Raiders

The Devin Hester Conundrum

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The Devin Hester Conundrum

ALAMEDA -- The last time the Raiders faced Chicago and electric returner Devin Hester, on Nov. 11, 2007, Shane Lechler punted the ball right at him and dared Hester to bust one free.This time around?"As far as I'm concerned, no, it's not the same attitude right now," Lechler said Wednesday. "That guy's too dangerous. With them getting a new quarterback in there, (Hester's) going to be the big-play guy. I'm not sure yet what we're going to do, but I'm going to try to at least make him run sideways early, and we'll go from there."CSNChicago: Hester held out of practice Thursday
Four years ago, Hester returned six of Lechler's nine punts -- two were downed and a third went out of bounds -- for a total of just 14 yards, with a long return of nine yards.
Indeed, Lechler and the Raiders kept Hester in check that day (his 64-yard return was nullified by a holding penalty on Brendon Ayanbadejo). And still, Lechler fears letting him get the Bears going on Sunday at the O.co Coliseum. And for good reason.In his sixth season, Hester is now the NFL's all-time career leader in punt returns for touchdowns with 12 and also has five kickoff returns for scores. Including the playoffs, he has 19 career total return TDs (12 punt return, six kickoff return, one missed field-goal return) to tie him with Deion Sanders for most in league history."Hester has a lot of good guys playing around him," Lechler added. "Watching them on film, they all play hard. The thing is, that punt return unit believes they're going to take it to the house every time he gets the ball. When you're playing with that much belief, you're very dangerous. We're going to do our very best to neutralize that part of the game."Hester's career-best 21.2 yards average on punt returns this season is leading the NFL and he already has two returns for TDs. The Raiders have surrendered the most punt return yardage in the league and have the fifth-worst average at 14.5 yards.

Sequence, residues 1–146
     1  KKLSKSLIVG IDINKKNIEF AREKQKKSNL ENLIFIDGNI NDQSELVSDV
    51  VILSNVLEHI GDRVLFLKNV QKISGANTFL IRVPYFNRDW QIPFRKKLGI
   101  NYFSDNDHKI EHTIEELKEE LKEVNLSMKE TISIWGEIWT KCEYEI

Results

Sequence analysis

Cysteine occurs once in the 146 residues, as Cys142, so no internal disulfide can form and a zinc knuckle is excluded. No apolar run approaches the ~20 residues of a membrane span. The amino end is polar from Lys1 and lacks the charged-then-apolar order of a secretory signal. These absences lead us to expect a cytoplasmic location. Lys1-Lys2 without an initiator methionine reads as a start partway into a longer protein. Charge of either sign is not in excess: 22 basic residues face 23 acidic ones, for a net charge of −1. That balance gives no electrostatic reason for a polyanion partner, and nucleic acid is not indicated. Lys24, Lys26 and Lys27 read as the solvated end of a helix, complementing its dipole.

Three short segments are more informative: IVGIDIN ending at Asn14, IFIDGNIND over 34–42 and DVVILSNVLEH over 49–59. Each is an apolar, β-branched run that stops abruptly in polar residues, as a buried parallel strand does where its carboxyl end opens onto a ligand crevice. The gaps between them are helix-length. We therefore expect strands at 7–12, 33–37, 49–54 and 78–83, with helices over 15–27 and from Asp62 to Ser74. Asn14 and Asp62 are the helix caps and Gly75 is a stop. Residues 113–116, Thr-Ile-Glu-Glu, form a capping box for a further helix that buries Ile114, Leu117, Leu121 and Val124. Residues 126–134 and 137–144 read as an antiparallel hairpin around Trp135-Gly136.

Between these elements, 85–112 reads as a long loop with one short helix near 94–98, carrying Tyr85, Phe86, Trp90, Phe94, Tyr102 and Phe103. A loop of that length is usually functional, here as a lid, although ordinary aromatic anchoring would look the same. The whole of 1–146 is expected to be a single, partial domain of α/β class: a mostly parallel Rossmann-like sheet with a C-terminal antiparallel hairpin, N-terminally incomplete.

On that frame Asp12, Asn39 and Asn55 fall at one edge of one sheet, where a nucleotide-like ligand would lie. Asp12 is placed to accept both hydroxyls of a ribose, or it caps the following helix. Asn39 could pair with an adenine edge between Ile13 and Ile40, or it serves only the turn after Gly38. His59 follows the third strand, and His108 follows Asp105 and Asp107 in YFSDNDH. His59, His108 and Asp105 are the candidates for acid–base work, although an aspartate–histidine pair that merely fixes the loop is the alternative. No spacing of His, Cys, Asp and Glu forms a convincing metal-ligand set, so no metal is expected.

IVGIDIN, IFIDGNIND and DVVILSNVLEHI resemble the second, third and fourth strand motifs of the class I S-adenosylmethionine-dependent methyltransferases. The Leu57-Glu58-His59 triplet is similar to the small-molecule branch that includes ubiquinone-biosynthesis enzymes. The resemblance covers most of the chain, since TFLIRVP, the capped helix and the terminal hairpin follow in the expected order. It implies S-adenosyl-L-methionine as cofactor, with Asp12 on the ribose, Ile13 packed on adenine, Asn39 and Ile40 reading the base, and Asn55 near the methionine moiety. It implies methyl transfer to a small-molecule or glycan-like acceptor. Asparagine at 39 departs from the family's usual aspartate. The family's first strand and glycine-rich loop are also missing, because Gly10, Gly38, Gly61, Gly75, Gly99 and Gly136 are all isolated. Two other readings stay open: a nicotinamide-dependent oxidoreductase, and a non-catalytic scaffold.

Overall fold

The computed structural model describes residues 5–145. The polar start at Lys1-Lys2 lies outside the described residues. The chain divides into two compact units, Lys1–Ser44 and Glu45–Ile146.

"A guy like Hester, man, you've got to respect, first and foremost," said Raiders receiver Louis Murphy, who has also found work as a gunner on Oakland's punt team. "You've got to respect what he's done in this league, who he is, and you've got to go out there and try and contain him, try and stop him."Quentin Groves agreed."As a coverage unit and as a special teams unit, you live for these challenges," Groves said. "If you want to be the best, and that's what we pride ourselves onyou're going to have to go against the best in the league. And right now, he's the best in the league."Mike Mitchell, though, had a differing opinionsomewhat."He's the best besides Jacoby (Ford), you can quote that, too," Mitchell said. "Extremely fast, he has great vision and his blockers really do a great job blocking for him, too. It's not a lot of times you see him making guys miss. He's getting great blocks and then he might break one tackle."Mitchell does not want to shy away from Hester and agreed with Bears coach Lovie Smith's assessment that coaches cannot tell their players to not kick it to Hester, lest it affect his own team's confidence."Not a chance," Mitchell said. "I mean, if you're a man."As a punt unit, I feel like we have the best weapon in the league in Shane Lechler. We're going to punt to anybody. I don't think we're afraid to punt to a specific player. Like we said this week getting ready for this game, he has to play us. We don't have to play him. He has to worry more about 11 guys trying to take his head off than we do about him housing one."The Raiders have surrendered two punt returns for scores this season, a 90-yarder by Denver's Eric Decker in the season opener at Denver and an 85-yarder by the Broncos' Eddie Royal on Nov. 6.So Raiders special team coach John Fassel has some serious scheming to do. Not that Mitchell wants to deviate from the plan up to this point."We have the biggest, fastest guys in the league covering our punts," Mitchell said. "We just have to get down field and outrun their protection team and make tackles. After (Hester) gets machine-gunned a couple of times, he's not going to be too quick to return punts."Im not talking any trash eitherI think he's awesome. But our mentality is, he has to play us."Then the Raiders have to punt the ball to Hester.